massachE.gif (9162 bytes)

massachE.gif (9162 bytes)MassachusettsBy the sword we seek peace,

                                                                                             but peace only under liberty


John Adams
Samuel Adams
Elbridge Gerry
John Hancock
Robert Treat Paine


All hail to grand old Bay State, the home of the bean and the cod,
    Where pilgrims found a landing and gave their thanks to God.

        From "All Hail to Massachusetts" Written by Arthur J. Marsh



The highest glory of the American Revolution was this; it connected in one indissoluble bond the principles of civil government with the principles of Christianity.  

John Adams

Massachusetts, 1780, Preamble
We, therefore, the people of Massachusetts, acknowledging, with grateful hearts, the goodness of the great Legislator of the universe, in affording us, in the course of His providence, an opportunity, deliberately and peaceably, without fraud, violence, or surprise, of entering into an original, explicit, and solemn compact with each other, and of forming a new constitution of civil government for ourselves and posterity; and devoutly imploring His direction in so interesting a design, do agree upon, ordain, and establish the following declaration of rights and frame of government as the constitution of the commonwealth of Massachusetts.

But whoso looketh into the perfect law of liberty, and continueth therein, he being not a forgetful hearer, but a doer of the work, this man shall be blessed in his deed.

James 1:25

Institution of Higher Learning

1636  Harvard College founded by Massachusetts General Court and Congregationalist churches.           

Fair Harvard

Fair Harvard! we join in thy Jubilee throng,
And with blessings surrender thee o'er
By these Festival-rites, from the Age that is past,
To the Age that is waiting before.
O Relic and Type of our ancestors' worth,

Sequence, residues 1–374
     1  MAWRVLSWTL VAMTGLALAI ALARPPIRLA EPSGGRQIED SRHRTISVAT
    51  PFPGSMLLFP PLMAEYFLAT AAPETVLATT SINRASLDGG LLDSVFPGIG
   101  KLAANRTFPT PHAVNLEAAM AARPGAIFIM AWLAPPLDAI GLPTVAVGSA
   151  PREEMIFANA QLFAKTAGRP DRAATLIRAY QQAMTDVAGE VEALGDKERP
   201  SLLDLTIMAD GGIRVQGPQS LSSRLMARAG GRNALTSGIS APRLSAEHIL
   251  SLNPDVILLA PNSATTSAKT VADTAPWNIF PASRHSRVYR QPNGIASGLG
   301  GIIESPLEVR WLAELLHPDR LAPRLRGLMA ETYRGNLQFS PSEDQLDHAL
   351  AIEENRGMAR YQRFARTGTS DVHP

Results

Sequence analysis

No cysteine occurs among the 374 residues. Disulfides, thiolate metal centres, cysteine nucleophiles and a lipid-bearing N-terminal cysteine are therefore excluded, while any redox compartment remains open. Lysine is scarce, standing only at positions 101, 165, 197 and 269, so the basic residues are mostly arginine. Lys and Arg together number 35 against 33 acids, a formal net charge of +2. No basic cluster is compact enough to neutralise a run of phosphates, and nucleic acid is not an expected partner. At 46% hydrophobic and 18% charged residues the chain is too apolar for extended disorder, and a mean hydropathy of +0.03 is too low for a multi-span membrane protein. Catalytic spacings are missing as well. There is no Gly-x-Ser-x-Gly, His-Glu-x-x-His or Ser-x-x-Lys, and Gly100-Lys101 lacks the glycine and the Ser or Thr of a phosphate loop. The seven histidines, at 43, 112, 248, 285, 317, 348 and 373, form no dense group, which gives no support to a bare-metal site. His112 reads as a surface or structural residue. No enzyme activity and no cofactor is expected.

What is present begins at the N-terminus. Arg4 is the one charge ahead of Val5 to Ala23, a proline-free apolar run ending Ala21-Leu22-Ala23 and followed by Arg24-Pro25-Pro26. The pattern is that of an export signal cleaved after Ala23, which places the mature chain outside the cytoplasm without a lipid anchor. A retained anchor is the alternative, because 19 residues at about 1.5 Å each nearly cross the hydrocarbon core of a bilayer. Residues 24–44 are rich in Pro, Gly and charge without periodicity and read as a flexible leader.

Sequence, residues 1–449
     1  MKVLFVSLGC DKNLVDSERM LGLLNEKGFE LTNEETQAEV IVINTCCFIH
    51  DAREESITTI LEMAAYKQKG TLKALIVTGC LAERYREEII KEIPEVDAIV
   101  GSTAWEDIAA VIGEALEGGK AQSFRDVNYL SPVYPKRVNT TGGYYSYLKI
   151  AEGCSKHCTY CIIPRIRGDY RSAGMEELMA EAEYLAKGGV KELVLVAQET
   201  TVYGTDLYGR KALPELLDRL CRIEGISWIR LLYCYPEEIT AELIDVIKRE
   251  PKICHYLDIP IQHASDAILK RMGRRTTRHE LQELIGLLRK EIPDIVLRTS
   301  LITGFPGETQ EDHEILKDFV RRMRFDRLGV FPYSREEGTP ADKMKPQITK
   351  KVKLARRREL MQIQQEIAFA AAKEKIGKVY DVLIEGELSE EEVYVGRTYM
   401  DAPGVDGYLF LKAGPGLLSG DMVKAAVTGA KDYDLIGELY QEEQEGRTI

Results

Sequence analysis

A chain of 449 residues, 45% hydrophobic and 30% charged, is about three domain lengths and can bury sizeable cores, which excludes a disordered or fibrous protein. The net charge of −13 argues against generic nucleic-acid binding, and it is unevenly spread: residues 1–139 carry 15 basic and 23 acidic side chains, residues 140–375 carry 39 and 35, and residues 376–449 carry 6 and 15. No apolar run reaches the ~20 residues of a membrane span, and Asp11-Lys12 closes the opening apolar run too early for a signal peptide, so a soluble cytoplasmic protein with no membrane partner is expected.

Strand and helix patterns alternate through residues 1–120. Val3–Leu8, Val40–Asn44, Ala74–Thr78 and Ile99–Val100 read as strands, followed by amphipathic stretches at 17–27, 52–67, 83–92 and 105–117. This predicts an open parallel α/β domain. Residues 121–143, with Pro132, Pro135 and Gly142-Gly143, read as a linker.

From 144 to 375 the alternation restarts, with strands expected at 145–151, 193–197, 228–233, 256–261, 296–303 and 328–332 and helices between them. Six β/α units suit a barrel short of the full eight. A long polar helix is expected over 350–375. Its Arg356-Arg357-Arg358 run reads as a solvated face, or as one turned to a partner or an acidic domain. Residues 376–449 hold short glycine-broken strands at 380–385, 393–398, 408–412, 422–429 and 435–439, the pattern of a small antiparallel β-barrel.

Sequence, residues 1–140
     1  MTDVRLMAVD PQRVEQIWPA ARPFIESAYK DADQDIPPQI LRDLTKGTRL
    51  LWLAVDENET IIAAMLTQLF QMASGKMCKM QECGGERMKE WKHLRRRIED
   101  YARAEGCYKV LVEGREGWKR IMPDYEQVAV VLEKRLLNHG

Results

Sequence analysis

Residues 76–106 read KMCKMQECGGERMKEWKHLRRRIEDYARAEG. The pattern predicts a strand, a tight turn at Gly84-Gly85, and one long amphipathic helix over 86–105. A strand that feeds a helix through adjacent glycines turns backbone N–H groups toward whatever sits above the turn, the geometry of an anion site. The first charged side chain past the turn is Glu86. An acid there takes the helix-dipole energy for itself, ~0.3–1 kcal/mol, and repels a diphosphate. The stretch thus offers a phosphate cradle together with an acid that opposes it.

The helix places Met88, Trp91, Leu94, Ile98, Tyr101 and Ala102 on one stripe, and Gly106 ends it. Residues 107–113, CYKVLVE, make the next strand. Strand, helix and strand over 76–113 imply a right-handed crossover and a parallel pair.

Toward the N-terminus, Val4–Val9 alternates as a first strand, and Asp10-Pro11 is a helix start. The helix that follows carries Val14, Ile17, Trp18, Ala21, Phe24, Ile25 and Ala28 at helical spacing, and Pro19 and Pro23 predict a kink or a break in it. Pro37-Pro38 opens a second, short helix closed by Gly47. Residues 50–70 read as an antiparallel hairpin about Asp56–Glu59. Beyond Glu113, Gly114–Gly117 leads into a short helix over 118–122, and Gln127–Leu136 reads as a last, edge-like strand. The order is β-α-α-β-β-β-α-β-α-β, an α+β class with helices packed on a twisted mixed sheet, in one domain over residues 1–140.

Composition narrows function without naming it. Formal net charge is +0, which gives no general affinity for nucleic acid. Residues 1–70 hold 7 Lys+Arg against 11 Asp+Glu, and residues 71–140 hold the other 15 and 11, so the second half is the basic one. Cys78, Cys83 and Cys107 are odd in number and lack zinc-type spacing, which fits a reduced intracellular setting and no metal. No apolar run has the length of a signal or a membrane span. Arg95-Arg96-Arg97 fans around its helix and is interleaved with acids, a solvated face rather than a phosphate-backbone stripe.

That hast long kept their memory warm,
First flow'r of their wilderness! Star of their night!
Calm rising thro' change and thro' storm.

Farewell! be thy destinies onward and bright!
To thy children the lesson still give,
With freedom to think, and with patience to bear,
And for Right ever bravely to live.
Let not moss-covered Error moor thee at its side,
As the world on Truth's current glides by,
Be the herald of Light, and the bearer of Love,
Till the stock of the Puritans die.

Samuel Gilman, Class of 1811
[Revised 1998]

See:    ivy league songs

As piety, religion, and morality have a happy influence on the minds of men, in their public as well as private transactions, you will not think it unseasonable, although I have frequently done it, to bring to your remembrance the great importance of encouraging our University, town schools, and other seminaries of education, that our children and youth while they are engaged in the pursuit of useful science, may have their minds impressed with a strong sense of the duties they owe to God. If we continue to be a happy people, that happiness must be assured by the enacting and executing of the reasonable and wise laws expressed in the plainest language and by establishing such modes of education as tend to inculcate in the minds of youth the feelings and habits of "piety, religion and morality."